Water is the most important element on earth that easily gets infected due to pollution. Learn seagrass contribution to preventing bacterial exposure.

New Scientist reported how seagrass significantly helps kills pathogens and bacteria in seawater. As long as there are seagrass beds on the coast, surely the microbes in sewage are predicted to be far.

Joleah Lamb, a marine disease ecologist from Cornell University supports the theory. Lamb gets water samples from four small islands located in the Spermonde Archipelago in Indonesia. Some of the islands where he gets water samples have seagrass meadows while others without.

In her study, Joleah Lamb found out that there's a small quantity level of Enterococcus bacteria from the water samples in seagrass areas. To be exact, there's only one-third level of the said bacteria in comparison. While there are 10 times of the bacteria over the limit which was set by the US Environmental Protection Agency on the seagrass-free samples.

According to Science Daily, the seagrass combats the bacteria from the not sanitized water contents. The seagrass is said to have a natural mechanism that reduces bacteria in the ecosystems. Seagrass further filter-feeders like that of sponges, tunicates, bivalves, thus removing bacteria from the water.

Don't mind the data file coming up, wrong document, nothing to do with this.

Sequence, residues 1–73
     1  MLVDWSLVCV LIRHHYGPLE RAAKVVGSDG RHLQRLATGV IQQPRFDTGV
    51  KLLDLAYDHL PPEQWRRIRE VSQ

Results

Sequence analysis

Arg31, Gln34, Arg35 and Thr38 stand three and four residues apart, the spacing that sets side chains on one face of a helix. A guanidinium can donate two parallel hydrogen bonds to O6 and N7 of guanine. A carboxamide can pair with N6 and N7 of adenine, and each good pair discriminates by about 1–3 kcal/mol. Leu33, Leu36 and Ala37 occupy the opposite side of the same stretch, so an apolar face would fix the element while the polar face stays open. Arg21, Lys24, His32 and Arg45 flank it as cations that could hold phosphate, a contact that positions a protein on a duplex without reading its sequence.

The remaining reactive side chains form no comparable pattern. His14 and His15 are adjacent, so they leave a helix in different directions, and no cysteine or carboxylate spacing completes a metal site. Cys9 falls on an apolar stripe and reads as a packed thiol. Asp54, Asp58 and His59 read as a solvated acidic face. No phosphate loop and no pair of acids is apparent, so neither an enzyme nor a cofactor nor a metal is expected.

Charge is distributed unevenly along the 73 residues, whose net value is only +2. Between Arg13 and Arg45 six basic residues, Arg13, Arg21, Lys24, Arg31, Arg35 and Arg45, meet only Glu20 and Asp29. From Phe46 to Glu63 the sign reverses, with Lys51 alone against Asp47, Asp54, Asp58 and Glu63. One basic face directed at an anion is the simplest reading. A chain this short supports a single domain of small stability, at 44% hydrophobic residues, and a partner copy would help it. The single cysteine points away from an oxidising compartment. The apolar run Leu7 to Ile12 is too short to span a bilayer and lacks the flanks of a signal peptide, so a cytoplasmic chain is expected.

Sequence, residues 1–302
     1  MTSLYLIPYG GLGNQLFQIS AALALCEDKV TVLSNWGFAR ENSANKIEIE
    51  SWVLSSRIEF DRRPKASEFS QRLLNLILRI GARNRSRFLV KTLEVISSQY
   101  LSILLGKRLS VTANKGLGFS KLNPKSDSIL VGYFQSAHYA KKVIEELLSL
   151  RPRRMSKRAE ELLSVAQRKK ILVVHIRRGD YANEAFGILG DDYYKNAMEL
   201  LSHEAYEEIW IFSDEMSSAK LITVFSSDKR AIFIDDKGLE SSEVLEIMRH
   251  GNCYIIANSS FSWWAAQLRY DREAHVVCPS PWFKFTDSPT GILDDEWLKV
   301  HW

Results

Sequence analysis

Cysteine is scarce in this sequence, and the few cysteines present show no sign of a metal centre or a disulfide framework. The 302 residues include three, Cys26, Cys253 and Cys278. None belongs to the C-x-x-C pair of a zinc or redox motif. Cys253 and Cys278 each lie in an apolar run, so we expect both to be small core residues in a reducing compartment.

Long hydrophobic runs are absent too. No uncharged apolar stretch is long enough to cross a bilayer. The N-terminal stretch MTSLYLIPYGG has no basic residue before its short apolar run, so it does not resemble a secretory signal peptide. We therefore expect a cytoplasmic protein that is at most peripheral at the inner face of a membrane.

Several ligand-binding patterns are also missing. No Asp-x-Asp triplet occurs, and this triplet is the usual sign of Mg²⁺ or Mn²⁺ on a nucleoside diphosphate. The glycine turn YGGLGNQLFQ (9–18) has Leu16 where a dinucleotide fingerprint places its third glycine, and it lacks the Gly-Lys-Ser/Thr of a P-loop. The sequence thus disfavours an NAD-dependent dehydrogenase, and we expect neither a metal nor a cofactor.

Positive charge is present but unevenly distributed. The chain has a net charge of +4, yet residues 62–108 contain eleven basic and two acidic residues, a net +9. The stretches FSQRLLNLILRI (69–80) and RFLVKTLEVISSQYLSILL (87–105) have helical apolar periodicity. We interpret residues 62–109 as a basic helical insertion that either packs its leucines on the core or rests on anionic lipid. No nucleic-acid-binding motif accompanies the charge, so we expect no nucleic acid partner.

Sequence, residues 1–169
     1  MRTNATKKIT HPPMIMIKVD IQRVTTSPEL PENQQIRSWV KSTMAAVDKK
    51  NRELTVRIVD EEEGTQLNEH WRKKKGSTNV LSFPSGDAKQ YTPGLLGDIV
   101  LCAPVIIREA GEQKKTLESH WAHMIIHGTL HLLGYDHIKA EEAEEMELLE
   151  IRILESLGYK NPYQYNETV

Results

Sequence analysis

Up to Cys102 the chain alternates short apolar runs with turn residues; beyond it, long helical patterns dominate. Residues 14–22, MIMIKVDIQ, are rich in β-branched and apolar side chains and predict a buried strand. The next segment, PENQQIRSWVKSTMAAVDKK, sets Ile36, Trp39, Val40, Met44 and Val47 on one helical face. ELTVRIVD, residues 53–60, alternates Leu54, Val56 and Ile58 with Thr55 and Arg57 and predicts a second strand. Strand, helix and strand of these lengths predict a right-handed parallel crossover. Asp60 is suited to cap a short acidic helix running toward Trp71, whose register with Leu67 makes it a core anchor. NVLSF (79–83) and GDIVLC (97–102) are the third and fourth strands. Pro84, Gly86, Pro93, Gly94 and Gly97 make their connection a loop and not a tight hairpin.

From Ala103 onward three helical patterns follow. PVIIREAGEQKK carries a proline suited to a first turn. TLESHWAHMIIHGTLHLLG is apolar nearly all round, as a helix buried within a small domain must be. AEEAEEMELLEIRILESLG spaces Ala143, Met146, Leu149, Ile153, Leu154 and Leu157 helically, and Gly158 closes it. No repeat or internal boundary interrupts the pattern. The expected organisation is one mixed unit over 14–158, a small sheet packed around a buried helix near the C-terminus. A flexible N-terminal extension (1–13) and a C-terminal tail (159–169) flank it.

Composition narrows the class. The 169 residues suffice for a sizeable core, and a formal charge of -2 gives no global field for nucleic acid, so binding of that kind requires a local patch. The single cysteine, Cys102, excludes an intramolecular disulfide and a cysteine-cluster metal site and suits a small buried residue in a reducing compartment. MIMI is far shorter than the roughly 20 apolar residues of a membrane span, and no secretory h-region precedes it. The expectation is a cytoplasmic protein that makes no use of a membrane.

Lamb's research proves the linked habitats between the seagrass and the coral reefs. Additionally, Lamb's team studied more than 8,000 reef-building corals and set it for experimentation to see any disease. The study showed them the lower levels of disease on reefs with nearby seagrass than those without.

Lamb further explains, "Millions of people are relying on healthy coral reefs for food, income, and cultural value." She pertains to the benefits of having bacterial-less coral reefs in order to maintain an abundance with people's lives. Lamb believes that her research will open the minds of others and provide the clear message on the benefits of seagrasses for living things. She wants people to be aware that the world has lost seven percent of seagrass each year since 1990, so it's best to take action today to maintain ecological balance.